Metformin therapy lowers blood glucose in type 2 diabetes by targeting various pathways including hepatic gluconeogenesis. Despite widespread clinical use of metformin the molecular mechanisms by which it inhibits gluconeogenesis either acutely through allosteric and covalent mechanisms or chronically through changes in gene expression remain debated. Proposed mechanisms include: inhibition of Complex 1; activation of AMPK; and mechanisms independent of both Complex 1 inhibition and AMPK. The activation of AMPK by metformin could be consequent to Complex 1 inhibition and raised AMP through the canonical adenine nucleotide pathway or alternatively by activation of the lysosomal AMPK pool by other mechanisms involving the aldolase substrate fructose 1,6-bisphosphate or perturbations in the lysosomal membrane. Here we review current interpretations of the effects of metformin on hepatic intermediates of the gluconeogenic and glycolytic pathway and the candidate mechanistic links to regulation of gluconeogenesis. In conditions of either glucose excess or gluconeogenic substrate excess, metformin lowers hexose monophosphates by mechanisms that are independent of AMPK-activation and most likely mediated by allosteric activation of phosphofructokinase-1 and/or inhibition of fructose bisphosphatase-1. The metabolite changes caused by metformin may also have a prominent role in counteracting G6pc gene regulation in conditions of compromised intracellular homeostasis.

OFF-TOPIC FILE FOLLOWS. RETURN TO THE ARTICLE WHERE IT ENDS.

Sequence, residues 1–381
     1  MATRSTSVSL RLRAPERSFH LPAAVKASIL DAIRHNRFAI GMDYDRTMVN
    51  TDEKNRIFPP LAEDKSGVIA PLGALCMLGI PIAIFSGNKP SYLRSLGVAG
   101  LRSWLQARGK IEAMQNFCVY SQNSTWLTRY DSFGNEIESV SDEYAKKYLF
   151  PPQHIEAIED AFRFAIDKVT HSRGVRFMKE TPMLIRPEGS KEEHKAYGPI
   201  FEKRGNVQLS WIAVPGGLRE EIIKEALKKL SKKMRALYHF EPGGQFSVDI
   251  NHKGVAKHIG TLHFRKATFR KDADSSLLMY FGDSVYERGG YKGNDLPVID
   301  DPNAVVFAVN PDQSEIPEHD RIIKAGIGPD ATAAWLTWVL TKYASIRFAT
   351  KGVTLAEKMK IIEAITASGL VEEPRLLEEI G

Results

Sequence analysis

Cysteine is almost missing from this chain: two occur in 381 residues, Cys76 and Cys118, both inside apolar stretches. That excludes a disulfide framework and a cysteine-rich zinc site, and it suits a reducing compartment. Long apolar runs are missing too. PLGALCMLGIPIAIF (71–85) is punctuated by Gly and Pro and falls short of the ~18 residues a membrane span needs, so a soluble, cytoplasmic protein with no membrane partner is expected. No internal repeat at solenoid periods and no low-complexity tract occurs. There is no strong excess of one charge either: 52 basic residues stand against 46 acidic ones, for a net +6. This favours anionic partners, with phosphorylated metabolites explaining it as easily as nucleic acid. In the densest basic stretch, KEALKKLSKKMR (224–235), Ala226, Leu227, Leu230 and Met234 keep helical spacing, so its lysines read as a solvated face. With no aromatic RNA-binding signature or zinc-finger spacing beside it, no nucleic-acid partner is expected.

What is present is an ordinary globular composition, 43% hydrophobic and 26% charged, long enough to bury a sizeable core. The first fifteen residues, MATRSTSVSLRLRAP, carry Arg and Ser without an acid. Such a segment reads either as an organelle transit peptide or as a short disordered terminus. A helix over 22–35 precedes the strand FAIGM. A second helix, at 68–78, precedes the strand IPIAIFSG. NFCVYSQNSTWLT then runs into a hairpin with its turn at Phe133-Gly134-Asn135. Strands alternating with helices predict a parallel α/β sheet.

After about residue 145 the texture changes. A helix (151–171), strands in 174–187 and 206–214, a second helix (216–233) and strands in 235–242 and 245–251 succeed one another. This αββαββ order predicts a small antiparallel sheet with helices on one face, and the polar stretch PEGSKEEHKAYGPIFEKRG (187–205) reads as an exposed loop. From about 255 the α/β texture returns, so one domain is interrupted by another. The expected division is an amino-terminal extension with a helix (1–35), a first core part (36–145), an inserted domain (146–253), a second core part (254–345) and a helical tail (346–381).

Keywords: AMPK; Liver metabolism; gluconeogenesis; metformin; phosphofructokinase-1.